689 results for search: AXE


Report: Average working American spends a whole week preparing taxes

The effort and expense it takes to file taxes is staggering at 8.1 billion man hours totaling $170 billion in lost time or –  what for the average working American amounts to a week of work preparing tax paper, according to a new Tax Day report. The Washington Examiner has the details: The report from American Action Forum considers the costs associated with all Internal Revenue Service forms, such as those corporations and doctors fill out, often for customers or patients, but it also breaks down the impact of tax season on individuals who face a Tuesday filing deadline. "IRS currently imposes 8.1 billion hours of paperwork and generates ...

Senate Finance Committee Chairman: ‘All of the Obamacare taxes need to go’

Senate Finance Committee Chairman Orrin Hatch (R-Utah) is putting his foot down: The taxes that come with Obamacare are on the chopping block and must be included in the repeal of the law – something that is not negotiable. The Hill has the details: “We need to definitively answer the question about what to do with the ObamaCare taxes,” Hatch said in a speech at the U.S. Chamber of Commerce on Wednesday. “Some have argued that we should keep all or some of them in place and use them to pay for our eventual replacement package.” But Hatch rejected that idea. “My view is this: After spending seven years talking about the harm being ...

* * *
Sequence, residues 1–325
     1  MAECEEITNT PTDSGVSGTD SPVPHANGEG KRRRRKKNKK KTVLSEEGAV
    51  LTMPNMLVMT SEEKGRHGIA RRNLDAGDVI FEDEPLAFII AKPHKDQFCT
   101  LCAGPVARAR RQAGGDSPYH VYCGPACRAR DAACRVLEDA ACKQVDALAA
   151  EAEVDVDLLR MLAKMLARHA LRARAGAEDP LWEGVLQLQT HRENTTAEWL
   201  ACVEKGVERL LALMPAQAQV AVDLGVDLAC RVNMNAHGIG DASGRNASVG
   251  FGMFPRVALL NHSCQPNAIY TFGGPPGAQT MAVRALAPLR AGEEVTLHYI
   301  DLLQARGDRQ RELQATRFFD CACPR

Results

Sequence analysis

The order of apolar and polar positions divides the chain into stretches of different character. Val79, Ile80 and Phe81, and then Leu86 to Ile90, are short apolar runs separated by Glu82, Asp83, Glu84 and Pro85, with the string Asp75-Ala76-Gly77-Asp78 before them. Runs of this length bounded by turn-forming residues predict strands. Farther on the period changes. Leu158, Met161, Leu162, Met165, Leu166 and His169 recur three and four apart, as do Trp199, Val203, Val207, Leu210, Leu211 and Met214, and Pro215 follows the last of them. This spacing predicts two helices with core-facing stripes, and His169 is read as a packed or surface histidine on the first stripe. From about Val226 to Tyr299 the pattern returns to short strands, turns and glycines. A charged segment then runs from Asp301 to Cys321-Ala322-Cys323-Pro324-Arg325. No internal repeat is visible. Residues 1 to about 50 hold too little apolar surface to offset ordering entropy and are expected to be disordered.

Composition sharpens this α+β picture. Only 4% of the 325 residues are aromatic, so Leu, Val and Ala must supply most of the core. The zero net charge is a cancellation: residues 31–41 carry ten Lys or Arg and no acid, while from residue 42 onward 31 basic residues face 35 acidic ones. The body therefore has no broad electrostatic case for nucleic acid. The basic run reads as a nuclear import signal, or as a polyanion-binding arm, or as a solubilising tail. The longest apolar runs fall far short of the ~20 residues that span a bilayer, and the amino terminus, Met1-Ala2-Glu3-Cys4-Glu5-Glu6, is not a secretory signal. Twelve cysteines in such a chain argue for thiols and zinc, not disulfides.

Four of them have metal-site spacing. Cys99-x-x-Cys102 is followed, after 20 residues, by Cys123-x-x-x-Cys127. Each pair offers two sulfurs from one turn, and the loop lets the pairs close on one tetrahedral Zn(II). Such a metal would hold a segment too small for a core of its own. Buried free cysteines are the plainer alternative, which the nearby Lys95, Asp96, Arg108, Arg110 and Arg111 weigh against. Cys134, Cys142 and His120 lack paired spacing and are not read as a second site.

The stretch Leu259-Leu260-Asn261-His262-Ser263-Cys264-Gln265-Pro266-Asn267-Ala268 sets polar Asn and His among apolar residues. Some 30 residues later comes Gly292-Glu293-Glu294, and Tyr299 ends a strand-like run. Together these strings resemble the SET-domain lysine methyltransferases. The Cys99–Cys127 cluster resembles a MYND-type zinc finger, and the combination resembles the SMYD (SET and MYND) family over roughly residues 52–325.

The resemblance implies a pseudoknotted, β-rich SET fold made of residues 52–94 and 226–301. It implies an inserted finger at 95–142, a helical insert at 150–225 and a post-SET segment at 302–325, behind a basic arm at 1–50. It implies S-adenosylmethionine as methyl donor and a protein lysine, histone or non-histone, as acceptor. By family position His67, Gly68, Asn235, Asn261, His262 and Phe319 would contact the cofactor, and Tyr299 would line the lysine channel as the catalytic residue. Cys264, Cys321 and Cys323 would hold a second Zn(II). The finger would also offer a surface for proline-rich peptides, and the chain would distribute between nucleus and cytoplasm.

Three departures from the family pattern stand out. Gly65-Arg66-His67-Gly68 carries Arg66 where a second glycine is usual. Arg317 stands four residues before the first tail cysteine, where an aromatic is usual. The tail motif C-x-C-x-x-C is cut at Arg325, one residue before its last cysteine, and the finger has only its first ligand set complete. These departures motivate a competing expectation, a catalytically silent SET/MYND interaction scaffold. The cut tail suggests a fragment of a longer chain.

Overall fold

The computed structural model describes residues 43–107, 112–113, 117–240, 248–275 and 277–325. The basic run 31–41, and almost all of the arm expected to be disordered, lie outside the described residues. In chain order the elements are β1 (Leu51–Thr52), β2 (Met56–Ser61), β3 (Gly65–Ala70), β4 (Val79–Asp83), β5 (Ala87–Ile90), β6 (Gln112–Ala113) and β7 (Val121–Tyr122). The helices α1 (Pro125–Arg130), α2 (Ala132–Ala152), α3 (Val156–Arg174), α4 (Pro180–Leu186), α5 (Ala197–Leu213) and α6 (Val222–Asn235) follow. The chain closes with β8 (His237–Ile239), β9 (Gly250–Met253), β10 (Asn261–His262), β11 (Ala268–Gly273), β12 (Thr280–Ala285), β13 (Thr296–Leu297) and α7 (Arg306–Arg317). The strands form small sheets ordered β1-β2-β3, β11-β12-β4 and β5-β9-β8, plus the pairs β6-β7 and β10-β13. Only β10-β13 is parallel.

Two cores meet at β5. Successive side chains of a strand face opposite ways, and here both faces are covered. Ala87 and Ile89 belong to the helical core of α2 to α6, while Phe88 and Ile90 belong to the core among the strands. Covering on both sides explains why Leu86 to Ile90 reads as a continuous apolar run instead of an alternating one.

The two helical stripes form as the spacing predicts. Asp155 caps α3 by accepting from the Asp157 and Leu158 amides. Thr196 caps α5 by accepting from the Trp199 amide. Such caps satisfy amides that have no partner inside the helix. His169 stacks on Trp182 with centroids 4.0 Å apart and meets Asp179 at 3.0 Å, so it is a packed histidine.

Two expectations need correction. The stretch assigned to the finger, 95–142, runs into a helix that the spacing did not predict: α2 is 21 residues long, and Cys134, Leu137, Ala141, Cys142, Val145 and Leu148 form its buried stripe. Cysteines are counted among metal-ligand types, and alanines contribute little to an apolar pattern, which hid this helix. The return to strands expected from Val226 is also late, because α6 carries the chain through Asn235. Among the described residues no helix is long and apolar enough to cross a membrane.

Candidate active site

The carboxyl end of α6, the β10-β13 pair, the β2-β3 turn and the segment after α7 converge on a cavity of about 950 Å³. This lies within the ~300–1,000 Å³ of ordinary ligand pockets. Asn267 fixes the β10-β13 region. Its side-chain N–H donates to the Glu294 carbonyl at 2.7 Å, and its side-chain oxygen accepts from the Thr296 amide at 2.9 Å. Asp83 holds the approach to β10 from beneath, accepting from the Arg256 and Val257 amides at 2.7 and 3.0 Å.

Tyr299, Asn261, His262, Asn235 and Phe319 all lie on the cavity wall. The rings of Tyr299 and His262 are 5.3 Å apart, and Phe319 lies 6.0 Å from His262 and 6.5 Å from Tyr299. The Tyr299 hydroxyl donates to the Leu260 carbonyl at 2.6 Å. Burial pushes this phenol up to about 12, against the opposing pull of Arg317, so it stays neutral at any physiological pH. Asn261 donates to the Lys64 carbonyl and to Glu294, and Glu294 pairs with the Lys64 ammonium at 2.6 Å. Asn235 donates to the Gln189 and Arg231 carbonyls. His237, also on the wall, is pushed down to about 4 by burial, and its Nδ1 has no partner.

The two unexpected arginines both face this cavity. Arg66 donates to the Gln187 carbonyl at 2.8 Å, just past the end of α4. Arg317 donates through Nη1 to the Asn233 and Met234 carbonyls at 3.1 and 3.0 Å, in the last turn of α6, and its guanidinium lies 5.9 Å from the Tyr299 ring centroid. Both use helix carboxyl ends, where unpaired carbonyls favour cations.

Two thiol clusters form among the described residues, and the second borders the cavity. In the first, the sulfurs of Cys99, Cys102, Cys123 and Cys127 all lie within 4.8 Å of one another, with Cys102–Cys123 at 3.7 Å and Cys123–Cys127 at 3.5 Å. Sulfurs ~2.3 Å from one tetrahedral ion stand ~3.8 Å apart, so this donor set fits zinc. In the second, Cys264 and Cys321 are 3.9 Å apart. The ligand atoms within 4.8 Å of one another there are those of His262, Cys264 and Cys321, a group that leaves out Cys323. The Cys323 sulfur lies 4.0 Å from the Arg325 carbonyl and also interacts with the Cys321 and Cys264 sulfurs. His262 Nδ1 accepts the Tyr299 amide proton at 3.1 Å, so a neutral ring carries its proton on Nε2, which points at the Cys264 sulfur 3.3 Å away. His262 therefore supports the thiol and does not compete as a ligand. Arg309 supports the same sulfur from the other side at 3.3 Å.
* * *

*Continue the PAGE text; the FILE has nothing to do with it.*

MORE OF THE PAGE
Taxes, Spending, and Tax Credits Out of Control under Kurt Schaefer


IRS has been ‘bungling’ back taxes for more than two decades

The software used by the IRS to attribute payments to taxpayer accounts has had drawbacks for nearly two decades that could, if left unresolved, leave taxpayer data open to “increased risk of inappropriate and undetected use,” according to a Government Accountability Office report. The Washington Examiner has the details. Since at least the mid-1990s, the tax agency's software has been unable to attribute taxes received to the accounts of specific taxpayers who owed back taxes. Instead the IRS has employed a labor intensive statistical estimation process to track $9 billion in adjustments during Fiscal Year 2015, the report states. "Bas...

Grappling with Obamacare taxes

Despite administration denials, it’s been well established that the Affordable Care Act is one large tax. Some estimates[1] put the tax-hike count in Obamacare at 18. In fact, there’s barely anyone the law doesn’t tax; it hits doctors, state governments, insurance companies, consumers, device makers and pharmaceutical companies. Consumers are already grappling with the individual mandate, and the tax it carries if they fail to buy health insurance. States are forking over $700 million in 2014 just to pay for the tax on new Medicaid health plans. And just a few weeks ago, an $8 billion tax[2] on the insurance industry took effect. There’s ...

Unpaid Taxes Worth Half U.S. Deficit